with a hearty “banzai” to avenge the Imperial fleets lost at the Battle
of Midway and in the Coral Sea.
The Shock of Fukushima
The retreat of the USS Reagan from the coast of Sendai was a memorable
event worthy of a disaster movie, as helicopters delivering aid to the
tsunami survivors raced back to the carrier after weapons-grade plutonium
in the air set off their isotope-detecting geiger counters. At the time,
the U.S. commanders were not clued into the fact that the mixed-oxide
fuel at Fukushima was involved in plutonium production for secret underground
warhead facilities in nearby Hirono and Haramachi. Their understandable
assumption was that a foreign power had exploded a hydrogen bomb over
Fukushima, and so the good ship Reagan made a U-turn and fled to the open
sea, but sadly too late since its air vents were by then heavily irradiated.
Unbeknownst to captain and crew was that the carrier’s desalination system
was filling up with radioactive seawater flushed out of the Fukushima
No.1 plant’s cooling system. Every cup of coffee, shower and any food
boiled in water was lethal for crew members. A consequent flurry of odd
cancers, miscarriages and defects in newborns motivated many of the crew
members to file a lawsuit against the U.S. Navy for failing to alert them
to the radioactivity threat and not decontaminating the ship. Instead
of admitting the mistakes, the Pentagon has stonewalled the victims.
After its return to San Diego, the USS Reagan was towed to the Bremerton
Naval Shipyard in Puget Sound where all its innards, from venting and
pipes to electronics and computers, were stripped out, piled aboard a
train and dumped at the Hanford Nuclear Site. The hulk was then towed
back to San Diego where it idled until its internal systems were patched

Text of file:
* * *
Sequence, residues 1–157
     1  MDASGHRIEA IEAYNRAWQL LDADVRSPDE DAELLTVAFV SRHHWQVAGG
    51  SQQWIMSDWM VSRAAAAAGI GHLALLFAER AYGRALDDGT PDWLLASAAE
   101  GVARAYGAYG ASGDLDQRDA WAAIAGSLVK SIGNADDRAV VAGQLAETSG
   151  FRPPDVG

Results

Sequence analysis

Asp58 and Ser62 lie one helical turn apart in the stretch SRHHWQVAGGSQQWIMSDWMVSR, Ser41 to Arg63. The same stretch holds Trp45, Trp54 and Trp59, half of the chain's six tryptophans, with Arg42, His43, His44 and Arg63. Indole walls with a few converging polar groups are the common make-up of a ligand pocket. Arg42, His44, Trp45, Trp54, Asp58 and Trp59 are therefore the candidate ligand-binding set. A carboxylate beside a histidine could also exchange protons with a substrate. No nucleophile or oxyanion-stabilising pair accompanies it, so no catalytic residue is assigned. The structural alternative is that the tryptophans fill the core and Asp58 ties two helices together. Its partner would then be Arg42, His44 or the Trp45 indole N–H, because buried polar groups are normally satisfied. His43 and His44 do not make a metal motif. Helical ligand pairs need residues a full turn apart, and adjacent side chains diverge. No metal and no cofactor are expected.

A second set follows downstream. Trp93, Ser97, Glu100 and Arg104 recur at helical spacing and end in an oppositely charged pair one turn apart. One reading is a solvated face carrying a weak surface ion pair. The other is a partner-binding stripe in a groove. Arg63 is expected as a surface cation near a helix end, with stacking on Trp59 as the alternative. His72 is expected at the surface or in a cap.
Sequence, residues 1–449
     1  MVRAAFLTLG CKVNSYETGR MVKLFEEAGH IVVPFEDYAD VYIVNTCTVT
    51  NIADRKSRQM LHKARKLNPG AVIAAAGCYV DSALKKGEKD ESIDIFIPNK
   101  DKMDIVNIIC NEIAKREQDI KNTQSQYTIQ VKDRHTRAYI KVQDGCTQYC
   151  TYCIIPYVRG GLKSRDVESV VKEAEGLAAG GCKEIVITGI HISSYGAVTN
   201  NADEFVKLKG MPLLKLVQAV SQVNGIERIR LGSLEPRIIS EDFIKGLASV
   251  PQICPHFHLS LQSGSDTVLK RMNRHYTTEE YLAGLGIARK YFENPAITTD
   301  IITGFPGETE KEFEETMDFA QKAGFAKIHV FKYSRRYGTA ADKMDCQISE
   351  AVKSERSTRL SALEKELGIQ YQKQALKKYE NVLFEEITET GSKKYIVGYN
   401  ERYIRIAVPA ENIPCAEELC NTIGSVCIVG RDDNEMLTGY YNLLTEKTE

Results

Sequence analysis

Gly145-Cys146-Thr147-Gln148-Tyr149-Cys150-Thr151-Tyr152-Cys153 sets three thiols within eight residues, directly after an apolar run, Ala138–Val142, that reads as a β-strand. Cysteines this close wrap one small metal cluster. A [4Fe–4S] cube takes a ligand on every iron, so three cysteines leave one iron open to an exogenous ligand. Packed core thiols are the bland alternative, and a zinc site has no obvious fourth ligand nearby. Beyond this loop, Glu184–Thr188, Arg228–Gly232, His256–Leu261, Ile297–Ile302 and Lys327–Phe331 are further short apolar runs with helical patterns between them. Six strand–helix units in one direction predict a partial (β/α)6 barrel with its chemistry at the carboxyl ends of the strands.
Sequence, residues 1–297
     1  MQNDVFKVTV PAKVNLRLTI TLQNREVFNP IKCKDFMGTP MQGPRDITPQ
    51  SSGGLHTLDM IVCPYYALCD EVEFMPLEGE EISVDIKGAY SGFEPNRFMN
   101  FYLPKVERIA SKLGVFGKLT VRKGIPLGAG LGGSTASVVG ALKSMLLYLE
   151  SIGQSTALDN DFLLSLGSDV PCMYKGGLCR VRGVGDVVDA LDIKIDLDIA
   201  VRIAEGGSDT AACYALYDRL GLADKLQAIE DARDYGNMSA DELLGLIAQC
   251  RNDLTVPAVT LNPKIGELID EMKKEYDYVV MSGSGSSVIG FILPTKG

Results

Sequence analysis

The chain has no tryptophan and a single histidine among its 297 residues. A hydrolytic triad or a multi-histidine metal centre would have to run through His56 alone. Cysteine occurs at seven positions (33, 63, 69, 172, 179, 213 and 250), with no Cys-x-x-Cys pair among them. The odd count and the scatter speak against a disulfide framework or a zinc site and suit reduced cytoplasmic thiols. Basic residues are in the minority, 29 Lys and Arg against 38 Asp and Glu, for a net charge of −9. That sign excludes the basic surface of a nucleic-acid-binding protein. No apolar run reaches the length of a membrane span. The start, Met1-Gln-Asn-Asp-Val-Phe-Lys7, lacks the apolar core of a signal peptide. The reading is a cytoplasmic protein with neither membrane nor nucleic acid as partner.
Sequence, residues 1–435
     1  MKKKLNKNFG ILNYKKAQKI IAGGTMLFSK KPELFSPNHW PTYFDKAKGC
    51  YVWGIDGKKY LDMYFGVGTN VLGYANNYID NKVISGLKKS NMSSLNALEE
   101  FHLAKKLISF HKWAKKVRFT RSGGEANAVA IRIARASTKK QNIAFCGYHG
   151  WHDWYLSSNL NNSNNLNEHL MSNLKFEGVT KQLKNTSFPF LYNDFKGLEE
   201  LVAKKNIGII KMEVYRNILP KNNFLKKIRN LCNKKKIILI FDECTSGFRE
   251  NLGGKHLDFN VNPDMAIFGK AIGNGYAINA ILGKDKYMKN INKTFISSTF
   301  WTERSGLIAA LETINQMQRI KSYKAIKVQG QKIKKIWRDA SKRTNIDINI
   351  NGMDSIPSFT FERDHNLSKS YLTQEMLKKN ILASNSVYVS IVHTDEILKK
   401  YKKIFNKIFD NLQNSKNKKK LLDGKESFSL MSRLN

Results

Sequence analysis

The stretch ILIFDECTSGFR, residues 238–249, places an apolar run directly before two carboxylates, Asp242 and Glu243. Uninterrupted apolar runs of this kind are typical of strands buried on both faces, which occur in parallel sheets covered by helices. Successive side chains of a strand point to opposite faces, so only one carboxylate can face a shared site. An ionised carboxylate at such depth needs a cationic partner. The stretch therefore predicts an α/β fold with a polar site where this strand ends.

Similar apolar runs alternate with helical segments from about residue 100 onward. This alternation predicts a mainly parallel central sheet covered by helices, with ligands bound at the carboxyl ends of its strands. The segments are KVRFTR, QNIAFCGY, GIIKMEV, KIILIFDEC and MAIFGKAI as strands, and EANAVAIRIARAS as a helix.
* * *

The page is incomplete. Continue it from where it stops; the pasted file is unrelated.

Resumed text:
together into a semblance of battle-readiness. Built a a cost of $6 billion,
the USS Reagan is overdue for scuttling, and unfortunately the crew with
The carrier USS George Washington, which retreated before reaching Fukushima
for the Operation Tomodachi (Friend) relief effort, was pulled out of
its home port of Yokosuka and is now sitting in a Virginia dockyard, supposedly
for nuclear fuel replacement.
The clueless admirals, left out of the loop by the Department of Energy
(DOE) about the continuing threat gushing from Fukushima, unwisely allowed
the supercarrier USS Nimitz to patrol off the China coast and then sail
home along the North Pacific Current, the conveyor belt for radioactive
releases from Fukushima to the American coastline. It, too, ended up at
Bremerton shipyard for a year, and has since been parked in Everett, Washington
State, under showers of radioactive rainfall.
Meanwhile, the carrier Carl Vinson was in the Arabian Sea where the body
double of “Osama Bin Laden” was laid on its flattop deck and unceremoniously
tossed overboard in a supposed “Islamic burial”. Under Muslim custom,
believers’ bodies are laid in proper graves in expectation of the Second
Coming. Presumably Osama, version 2, knows how to snorkel and swim on
the Day of Reckoning. Then, the Navy made the fatal decision to the send
the Vinson to the Philippines, just in time to be hit by high-level nuclear
waste aboard barges sunk by the Japanese in to the Philippine Trench.
An Easter Blasphemy
At the time of writing, Easter Sunday 2017, the three aircraft carriers
are plying their ways from Australia, San Diego and Hawaii toward Davy
Jones’ Locker. The American sailors will soon reenact the destruction
of the Russian Tsar’s Baltic Fleet at the entrance of the Japan Sea in
the Battle of Tsushima. My grandfather in his youth celebrated that stunning
victory, so why am I already mourning the coming slaughter at sea when
the sailors, pilots and Marines are already doomed by radioactive exposure?
I suppose it is more heroic to die from friendly fire than to waste away
inside a veteran’s hospital. And better for the bottom line and big investors,
just ask the shrewd Treasury Secretary Steve Mnuchin of Goldman Sachs.
In eulogy before the shooting in the back begins, let us sing the U.S.
“Stand Navy out to sea, fight our battle cry!
We'll never change our course so vicious foes steer shy-y-y-y!
Roll out the TNT, anchors aweigh!
Sail on to victory, and sink their bones to Davy Jones, hooray!
“Anchors Aweigh, my boys, Anchors Aweigh!
Farewell,to Foreign Shores we sail at break of day-ay-ay-ay;
Through our last night ashore, drink to the foam,
Until we meet once more.”
Yoichi Shimatsu, former editor with The Japan Times group, is a science
journalist based in Hong Kong.